Increasing Iron Availability to Crops: Fertilizers, Organo-Fertilizers, and Biological Approaches

Moshe Shenker, Yona Chen*

*Corresponding author for this work

Research output: Contribution to journalArticlepeer-review

102 Scopus citations

Abstract

It has been known for 160 years that iron is essential for plant growth. Its deficiency occurs especially, but not only, in calcareous soils and it limits crop production in large parts (> 30%) of the Earth's arable land. The mineralogy and geochemistry of Fe in soils, as well as Fe functions within plants, soil factors that limit its availability, and plant mechanisms for Fe acquisition from soils are all fairly well documented. Yet, the alleviation of Fechlorosis and especially lime-induced chlorosis remains a major agronomic problem. Three main agronomic approaches to the alleviation of Fe deficiency will be discussed in this paper: 1) Increasing the availability of indigenous soiL-Fe; 2) supplying the plants with external sources of available Fe; and 3) increasing plant efficiency in Fe uptake and trans-location. The agronomic practices described include foliar Fe application; soil fertilization using inorganic Fe fertilizers, industrial by-products, synthetic iron chelates, and organoiron complexes; soil management and rhizosphere manipulation to increase the availability of indigenous soil Fe; and traditional and modern genetic approaches for increasing Fe-efficiency and acquisition by plants. New options for the alleviaton of lime-induced Fe-deficiency are described in detail. Emphasis is placed on the description of the mechanisms relevant to the effects of various treatments and approaches, with a view to generating further discussion and research that could lead to improved solutions for the problem of sources and alleviation of Fe-deficiency in crops.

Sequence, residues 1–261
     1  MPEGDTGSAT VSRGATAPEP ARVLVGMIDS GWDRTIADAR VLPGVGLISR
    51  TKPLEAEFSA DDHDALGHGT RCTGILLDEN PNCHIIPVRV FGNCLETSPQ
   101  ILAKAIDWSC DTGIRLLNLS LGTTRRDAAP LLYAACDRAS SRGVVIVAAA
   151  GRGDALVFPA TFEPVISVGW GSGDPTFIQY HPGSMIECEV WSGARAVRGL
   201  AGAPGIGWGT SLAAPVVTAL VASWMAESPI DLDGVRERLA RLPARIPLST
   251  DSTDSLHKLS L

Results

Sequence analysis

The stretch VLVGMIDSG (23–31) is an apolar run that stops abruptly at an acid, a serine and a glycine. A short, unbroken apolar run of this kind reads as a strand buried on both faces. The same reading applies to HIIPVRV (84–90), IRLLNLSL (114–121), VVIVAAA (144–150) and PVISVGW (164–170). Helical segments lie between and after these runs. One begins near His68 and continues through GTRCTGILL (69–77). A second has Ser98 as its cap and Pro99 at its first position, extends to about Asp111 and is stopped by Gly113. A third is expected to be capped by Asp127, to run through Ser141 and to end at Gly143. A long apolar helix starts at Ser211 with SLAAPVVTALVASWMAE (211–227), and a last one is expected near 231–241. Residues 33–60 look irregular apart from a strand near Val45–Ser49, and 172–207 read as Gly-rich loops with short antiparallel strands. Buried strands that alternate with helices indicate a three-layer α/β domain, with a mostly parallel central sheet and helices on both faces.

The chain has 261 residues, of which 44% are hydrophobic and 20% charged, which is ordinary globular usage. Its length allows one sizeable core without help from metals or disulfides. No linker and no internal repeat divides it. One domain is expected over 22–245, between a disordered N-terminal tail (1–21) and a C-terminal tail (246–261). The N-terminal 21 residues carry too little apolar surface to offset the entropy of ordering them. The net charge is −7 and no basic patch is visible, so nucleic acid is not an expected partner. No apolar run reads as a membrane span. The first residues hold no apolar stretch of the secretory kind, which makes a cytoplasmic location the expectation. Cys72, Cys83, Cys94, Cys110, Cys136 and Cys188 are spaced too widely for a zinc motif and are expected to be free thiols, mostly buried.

Original languageAmerican English
Pages (from-to)1-17
Number of pages17
JournalSoil Science and Plant Nutrition
Volume51
Issue number1
DOIs
StatePublished - 1 Feb 2005

Keywords

  • Chelates
  • Fertilizers
  • Iron plant nutrition
  • Rhizosphere
  • Siderophores

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